In Flames team history, only twice has a player played 60-or-more games and had single digit penalty minutes. One, interestingly enough, was his teammate Sean Monahan last season (8 PIM in 75 gm). The other was Tommy Albelin in 1998-99 (8 PIM in 60 gm).

Note that with only two minor penalties so far this season, Monahan is on pace to finish in single digit penalty minutes once again. Monahan and Gaudreau certainly aren't going to be nicknamed the 'Brat Pack'.

Calgary Flames History - Fewest PIMs, Prorated for 82 games (minimum 60 games)

1. Sean Monahan 2013-14, 8.7 (8 PIM in 75 gm)
2. Kent Nilsson 1982-83, 10.3 (10 PIM in 82 gm)
3. Tommy Albelin 1998-99, 10.9 (8 PIM in 60 gm)
4. Dustin Boyd 2008-09, 11.5 (10 PIM in 71 gm)
5. Mike Sullivan 1996-97, 12.2 (10 PIM in 67 gm)
6. Jonas Hoglund 1996-97, 14.5 (12 PIM in 68 gm)
7. Joe Mullen 1986-87, 14.5 (14 PIM in 79 gm) * Won Lady Byng
8. Hakan Loob 1984-85, 14.7 (14 PIM in 78 gm)
9. Kent Nilsson 1984-85, 14.9 (14 PIM in 77 gm)
10. Guy Chouinard 1981-82, 15.4 (12 PIM in 64 gm)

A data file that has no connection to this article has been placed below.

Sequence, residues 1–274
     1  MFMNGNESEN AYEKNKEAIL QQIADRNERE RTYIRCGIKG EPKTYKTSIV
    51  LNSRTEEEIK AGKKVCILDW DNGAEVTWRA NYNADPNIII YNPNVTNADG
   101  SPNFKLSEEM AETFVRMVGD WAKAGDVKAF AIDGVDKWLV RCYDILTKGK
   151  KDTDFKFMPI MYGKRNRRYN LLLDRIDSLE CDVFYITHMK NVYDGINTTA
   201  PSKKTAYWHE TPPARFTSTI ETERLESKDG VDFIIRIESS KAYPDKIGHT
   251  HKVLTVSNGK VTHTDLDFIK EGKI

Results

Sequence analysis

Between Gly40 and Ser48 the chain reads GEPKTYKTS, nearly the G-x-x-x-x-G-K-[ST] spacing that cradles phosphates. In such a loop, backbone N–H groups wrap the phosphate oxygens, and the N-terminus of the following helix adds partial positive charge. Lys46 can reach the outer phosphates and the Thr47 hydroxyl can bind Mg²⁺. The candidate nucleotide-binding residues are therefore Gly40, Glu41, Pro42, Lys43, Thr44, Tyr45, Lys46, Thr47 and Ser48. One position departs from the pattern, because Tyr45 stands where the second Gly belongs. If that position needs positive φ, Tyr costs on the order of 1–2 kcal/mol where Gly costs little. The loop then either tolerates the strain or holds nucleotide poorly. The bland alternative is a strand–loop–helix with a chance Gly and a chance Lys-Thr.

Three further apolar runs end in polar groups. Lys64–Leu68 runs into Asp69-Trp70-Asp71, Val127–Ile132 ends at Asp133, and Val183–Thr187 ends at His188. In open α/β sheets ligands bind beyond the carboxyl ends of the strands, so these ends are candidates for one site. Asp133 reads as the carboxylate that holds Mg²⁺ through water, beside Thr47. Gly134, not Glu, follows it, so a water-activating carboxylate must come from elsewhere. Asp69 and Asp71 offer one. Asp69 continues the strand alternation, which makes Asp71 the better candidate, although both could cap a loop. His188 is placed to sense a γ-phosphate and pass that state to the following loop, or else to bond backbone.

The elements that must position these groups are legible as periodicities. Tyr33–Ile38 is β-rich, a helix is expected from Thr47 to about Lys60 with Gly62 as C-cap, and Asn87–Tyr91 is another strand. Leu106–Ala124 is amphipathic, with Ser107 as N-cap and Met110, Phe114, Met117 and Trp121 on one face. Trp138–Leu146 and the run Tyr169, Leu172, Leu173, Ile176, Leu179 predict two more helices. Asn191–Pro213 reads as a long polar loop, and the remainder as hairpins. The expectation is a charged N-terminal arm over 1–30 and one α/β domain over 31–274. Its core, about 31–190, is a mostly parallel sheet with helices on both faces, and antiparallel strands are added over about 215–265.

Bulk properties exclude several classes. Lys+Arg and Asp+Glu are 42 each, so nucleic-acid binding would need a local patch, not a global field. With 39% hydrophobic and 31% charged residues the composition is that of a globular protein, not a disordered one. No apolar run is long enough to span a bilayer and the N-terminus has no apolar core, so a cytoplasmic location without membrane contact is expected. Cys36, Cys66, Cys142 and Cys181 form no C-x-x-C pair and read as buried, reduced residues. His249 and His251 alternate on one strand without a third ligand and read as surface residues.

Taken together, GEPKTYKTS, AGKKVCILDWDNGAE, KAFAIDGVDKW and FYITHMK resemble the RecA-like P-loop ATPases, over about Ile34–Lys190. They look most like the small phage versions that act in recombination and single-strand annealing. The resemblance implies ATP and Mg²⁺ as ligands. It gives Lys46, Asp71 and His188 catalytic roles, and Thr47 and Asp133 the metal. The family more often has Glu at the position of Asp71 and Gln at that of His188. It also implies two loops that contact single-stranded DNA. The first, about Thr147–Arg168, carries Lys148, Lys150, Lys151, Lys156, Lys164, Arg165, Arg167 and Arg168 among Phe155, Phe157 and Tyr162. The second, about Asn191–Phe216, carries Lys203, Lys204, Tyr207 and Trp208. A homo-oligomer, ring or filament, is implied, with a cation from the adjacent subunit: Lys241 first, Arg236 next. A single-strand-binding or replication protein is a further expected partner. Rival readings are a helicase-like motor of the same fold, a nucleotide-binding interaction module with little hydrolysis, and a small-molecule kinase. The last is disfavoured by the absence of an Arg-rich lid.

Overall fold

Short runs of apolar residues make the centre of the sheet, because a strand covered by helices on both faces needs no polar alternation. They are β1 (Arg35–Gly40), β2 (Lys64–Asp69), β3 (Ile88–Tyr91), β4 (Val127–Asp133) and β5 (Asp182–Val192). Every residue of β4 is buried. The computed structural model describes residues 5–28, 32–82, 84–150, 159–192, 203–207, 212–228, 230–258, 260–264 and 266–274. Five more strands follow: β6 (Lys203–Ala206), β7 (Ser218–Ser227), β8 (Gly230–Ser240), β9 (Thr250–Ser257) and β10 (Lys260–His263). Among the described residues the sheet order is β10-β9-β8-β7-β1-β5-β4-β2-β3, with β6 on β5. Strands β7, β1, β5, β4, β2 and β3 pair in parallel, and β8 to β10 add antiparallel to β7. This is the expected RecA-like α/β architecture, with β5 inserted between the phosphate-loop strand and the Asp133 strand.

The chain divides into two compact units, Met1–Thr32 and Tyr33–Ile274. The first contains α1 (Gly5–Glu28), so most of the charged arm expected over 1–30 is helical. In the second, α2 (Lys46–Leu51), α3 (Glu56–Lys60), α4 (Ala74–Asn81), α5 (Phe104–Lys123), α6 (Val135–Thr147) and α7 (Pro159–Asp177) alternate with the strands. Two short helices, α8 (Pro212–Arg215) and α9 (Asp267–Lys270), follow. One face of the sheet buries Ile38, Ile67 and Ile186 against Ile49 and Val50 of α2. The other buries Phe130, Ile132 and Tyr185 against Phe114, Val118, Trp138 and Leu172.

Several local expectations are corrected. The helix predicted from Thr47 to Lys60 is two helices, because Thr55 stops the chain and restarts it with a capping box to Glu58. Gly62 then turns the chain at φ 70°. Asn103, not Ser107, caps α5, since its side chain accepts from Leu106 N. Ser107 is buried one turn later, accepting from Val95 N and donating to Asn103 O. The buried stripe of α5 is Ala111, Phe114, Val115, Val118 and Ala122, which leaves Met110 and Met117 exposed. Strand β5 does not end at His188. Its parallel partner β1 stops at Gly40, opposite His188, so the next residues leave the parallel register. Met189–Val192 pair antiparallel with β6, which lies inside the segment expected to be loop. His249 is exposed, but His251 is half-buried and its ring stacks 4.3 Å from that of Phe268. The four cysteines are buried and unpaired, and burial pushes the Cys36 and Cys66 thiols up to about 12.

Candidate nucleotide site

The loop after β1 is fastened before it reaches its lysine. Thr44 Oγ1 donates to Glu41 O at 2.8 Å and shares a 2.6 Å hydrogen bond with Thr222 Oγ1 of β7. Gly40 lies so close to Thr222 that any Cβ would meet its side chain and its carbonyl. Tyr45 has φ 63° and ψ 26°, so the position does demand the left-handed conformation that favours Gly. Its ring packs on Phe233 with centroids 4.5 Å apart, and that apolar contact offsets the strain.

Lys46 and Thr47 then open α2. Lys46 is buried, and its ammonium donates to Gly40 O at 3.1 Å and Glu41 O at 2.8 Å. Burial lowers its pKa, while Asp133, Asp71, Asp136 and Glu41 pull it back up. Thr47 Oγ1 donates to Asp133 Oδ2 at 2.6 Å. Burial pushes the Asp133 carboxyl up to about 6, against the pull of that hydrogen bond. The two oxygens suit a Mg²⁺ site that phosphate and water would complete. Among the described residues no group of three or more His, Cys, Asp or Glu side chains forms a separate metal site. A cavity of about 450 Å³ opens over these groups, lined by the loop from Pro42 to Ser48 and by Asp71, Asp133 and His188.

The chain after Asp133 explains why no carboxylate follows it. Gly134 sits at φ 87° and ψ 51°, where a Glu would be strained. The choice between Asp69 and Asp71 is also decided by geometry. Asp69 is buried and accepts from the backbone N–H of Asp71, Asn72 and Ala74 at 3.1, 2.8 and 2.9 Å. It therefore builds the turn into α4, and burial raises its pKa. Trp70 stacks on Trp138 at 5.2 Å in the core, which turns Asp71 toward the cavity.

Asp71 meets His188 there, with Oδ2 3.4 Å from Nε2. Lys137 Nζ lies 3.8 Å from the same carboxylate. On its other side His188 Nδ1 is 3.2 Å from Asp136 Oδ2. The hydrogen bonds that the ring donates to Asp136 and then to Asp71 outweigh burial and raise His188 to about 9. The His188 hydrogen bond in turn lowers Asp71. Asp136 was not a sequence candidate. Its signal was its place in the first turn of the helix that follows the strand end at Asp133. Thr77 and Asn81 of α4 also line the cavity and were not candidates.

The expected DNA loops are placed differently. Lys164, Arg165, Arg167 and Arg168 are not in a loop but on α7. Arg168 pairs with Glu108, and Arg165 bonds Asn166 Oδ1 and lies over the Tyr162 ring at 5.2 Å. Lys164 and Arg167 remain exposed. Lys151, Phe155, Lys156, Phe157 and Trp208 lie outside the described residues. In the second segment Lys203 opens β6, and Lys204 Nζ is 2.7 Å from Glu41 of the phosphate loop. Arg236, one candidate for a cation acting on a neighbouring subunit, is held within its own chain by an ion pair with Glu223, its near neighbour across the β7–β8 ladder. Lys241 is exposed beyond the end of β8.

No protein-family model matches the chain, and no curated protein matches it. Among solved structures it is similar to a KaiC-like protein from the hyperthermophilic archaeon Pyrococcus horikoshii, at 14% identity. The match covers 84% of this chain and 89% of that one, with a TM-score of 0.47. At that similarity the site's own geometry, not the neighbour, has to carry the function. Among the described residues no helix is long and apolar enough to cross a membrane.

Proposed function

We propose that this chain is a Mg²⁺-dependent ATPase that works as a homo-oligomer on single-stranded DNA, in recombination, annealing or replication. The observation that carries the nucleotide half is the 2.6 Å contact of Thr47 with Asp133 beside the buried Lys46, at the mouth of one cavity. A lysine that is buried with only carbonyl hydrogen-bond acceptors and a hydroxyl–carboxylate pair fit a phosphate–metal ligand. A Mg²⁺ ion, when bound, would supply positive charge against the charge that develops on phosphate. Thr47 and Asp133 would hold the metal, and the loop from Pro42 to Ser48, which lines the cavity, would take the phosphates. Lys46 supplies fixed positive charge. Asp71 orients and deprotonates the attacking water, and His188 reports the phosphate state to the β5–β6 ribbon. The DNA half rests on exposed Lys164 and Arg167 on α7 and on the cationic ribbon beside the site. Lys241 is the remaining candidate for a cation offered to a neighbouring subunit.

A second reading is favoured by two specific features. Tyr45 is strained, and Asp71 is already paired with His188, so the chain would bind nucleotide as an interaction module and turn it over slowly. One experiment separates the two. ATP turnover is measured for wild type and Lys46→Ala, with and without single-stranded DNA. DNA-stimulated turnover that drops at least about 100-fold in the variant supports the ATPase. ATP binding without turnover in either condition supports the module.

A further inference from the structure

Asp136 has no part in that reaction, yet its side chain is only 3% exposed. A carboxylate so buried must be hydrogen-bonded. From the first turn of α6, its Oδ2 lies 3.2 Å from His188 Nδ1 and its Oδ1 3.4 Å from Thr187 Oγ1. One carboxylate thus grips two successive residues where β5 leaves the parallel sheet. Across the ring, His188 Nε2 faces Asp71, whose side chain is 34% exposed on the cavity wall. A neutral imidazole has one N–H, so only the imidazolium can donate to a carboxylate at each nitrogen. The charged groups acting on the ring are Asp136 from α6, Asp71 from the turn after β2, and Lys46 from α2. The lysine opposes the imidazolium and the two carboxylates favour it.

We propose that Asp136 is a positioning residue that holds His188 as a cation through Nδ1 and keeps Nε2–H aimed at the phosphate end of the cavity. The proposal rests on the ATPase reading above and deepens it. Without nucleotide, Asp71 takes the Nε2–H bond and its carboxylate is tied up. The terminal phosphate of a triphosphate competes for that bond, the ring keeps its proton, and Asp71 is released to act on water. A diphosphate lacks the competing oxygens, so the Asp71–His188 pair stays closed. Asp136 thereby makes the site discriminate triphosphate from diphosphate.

Included in the above list was some pretty impressive offensive seasons too. Most prolific was Kent Nilsson in 1982-83 when he was 46-58-104 to finish ninth in the NHL scoring race. However, Mike Bossy (60-58-118, 20 PIM) won the Lady Byng that year.

4. Power Play Misery

The Flames power play is broken.

Calgary can consider themselves very fortunate to have won four of five games on that difficult Pacific Divison road trip given they took a bagel on the man advantage all five games, finishing the trip 0-for-14.

Go all the way back to December 12 and the Flames are four for their last 57 during that 17-game span. That's a meager 7.0 percent and not very good.

Here are some dubious notes about the current power play woes:

  • Those 57 man advantages add up to exactly 109 minutes. That's nearly five-and-a-half periods of being on the power play with only four goals to show for it.
  • Gaudreau has been on the ice for over half of the power play time -- 57:08, and as hard as it is to believe, he hasn't been on the ice for a single goal.
  • The defence pairing of Mark Giordano and TJ Brodie were on the ice for just one of the four goals. Leading scorer Jiri Hudler has also only been on the ice for one of the four goals.
  • The breakdown is 1-for-27 on the road and 3-for-30 at home
  • Going into the December 12 game with Pittsburgh, the Flames ranked 8th in the NHL on the power play. Over these last six weeks, they've fallen 15 spots and are now ranked 23rd.